Country: where available (17.5%) the country tag indicated the possibility of the organism being found in a certain geographical location that can be associated with a single country (and/or water body). 59.9% of sequences with country tag contained additional location information, such as the name or code of a state, a river, or a national park in which the organism was found.
Comprehensible search terms were automatically built using the three sets of names associated with each organism adhering to the following rule: ((Any of the organism names and alternative names) And (All of the inclusion terms)) NOT (any of the exclusion terms). Below is the search term generated for classical swine fever virus:
(‘classical swine fever virus’ [Text Word] OR ‘csfv’ [Text Word] OR ‘hog cholera virus’ [Text Word] OR ‘pestivirus type 2’ [Text Word] OR ‘swine fever virus’[Text Word]) NOT ‘african swine fever’ [Text Word]
6,473,167 citation metadata files were downloaded in XML format from the PubMed database. 6,028,487 of these files cited 7,463 species, 323,483 cited 208 subspecies and 674,836 cited 1,482 no rank organisms. Note that one paper may cite more than one organism.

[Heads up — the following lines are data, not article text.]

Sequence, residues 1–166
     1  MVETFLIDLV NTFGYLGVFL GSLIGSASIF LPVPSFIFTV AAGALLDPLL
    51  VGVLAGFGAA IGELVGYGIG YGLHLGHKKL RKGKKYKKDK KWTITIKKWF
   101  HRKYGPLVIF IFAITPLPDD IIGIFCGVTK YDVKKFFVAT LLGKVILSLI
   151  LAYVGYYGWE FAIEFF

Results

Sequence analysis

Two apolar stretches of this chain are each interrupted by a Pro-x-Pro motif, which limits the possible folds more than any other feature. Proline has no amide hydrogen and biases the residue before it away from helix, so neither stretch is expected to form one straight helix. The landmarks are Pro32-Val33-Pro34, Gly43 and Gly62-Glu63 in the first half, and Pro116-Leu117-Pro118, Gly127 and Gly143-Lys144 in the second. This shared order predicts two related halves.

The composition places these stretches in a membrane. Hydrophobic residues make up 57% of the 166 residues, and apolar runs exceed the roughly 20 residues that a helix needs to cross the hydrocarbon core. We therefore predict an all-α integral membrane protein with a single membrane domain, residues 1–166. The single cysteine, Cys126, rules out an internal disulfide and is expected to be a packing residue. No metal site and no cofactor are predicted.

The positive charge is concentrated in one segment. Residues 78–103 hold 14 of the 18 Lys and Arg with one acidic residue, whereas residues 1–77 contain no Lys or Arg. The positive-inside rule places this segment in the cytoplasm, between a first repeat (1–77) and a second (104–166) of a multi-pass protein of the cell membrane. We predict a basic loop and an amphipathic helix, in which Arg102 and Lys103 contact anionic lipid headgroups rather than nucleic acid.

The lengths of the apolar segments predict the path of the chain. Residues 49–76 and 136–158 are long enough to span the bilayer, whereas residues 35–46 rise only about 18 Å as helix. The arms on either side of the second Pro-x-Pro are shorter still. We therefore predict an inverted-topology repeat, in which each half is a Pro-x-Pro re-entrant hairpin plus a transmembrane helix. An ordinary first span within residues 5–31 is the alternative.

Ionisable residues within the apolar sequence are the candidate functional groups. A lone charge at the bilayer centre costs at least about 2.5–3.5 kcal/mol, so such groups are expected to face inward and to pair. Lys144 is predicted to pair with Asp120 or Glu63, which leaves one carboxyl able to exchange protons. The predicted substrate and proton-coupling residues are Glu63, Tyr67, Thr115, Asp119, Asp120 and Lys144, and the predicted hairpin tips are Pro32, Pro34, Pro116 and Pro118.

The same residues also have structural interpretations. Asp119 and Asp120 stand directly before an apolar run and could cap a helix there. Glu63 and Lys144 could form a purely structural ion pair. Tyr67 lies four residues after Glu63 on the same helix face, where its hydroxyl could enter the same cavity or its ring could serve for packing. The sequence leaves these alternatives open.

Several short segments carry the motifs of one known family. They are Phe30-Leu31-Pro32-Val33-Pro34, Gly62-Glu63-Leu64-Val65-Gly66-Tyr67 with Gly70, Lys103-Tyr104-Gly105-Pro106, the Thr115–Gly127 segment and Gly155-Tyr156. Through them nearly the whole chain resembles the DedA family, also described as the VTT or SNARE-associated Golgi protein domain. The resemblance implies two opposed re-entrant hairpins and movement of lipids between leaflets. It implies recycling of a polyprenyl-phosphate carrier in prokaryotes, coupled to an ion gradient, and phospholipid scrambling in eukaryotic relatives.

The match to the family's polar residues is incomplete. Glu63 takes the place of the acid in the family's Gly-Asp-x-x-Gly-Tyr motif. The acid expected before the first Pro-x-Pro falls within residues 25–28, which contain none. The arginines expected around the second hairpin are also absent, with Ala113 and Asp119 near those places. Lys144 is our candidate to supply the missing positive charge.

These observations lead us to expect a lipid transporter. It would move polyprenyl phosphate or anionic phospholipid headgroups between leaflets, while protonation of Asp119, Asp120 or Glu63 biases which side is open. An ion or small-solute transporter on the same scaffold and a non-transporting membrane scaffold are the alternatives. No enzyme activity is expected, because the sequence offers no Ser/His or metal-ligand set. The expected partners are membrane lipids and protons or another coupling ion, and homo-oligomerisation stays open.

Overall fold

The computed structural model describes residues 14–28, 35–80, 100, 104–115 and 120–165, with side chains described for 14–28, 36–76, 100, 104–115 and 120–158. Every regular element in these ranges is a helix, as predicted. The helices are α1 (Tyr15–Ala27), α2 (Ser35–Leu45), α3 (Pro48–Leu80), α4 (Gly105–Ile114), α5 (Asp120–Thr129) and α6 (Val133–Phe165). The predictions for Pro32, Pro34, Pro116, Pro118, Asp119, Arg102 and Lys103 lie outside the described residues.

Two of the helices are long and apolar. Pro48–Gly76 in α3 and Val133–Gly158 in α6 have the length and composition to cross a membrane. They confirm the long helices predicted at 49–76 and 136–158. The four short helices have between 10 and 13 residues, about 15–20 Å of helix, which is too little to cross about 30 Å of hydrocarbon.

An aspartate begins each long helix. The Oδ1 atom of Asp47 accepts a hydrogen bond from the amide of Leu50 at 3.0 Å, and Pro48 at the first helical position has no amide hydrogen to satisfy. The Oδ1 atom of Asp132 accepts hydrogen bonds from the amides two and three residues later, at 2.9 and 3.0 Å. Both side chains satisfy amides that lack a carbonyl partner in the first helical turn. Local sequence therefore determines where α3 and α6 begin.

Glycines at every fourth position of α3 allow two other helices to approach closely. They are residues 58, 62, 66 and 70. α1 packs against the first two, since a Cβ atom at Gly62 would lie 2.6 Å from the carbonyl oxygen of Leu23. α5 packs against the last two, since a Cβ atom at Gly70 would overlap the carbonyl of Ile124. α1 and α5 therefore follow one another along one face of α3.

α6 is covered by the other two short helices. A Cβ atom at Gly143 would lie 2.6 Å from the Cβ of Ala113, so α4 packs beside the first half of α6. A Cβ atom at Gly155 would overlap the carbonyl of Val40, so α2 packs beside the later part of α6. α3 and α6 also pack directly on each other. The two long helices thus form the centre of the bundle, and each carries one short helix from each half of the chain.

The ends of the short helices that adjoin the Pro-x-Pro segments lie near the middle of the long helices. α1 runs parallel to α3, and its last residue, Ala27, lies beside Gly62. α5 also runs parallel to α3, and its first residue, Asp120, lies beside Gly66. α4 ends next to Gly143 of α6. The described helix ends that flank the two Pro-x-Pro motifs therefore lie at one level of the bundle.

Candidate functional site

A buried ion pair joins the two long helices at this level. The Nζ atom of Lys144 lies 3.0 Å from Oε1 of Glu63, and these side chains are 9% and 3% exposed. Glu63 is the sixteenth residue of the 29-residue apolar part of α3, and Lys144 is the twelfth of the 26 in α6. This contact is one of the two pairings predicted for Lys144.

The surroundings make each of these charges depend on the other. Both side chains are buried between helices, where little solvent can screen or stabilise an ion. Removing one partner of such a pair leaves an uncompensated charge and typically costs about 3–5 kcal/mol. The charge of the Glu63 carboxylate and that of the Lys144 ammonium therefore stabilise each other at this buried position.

Identification of interactions
Using the data and evidence obtained and processed as discussed above, two types of interactions were identified: species-species interactions and species-geographic location interactions.
Species-species interactions indicate the possibility of one species (Cargo G) being found in or on another species (Carrier A). Many of these interactions are of the type: Pathogen P was found in Host H, however due to the nature of the underlying evidence we cannot assume all interactions to be of this type. Interactions can also be commensal (neither beneficial nor costly) or mutualistic (beneficial to both species), or vector-host. Additionally, an organism that is pathogenic to one host may be non-pathogenic in another so it is inappropriate to label the organism itself a pathogen; rather, it is interactions between species that are pathogenic or non-pathogenic. We therefore use a more generic terminology: Cargoes are found in/on Carriers. Cargoes are often pathogens and carriers are often hosts, but this is not always the case.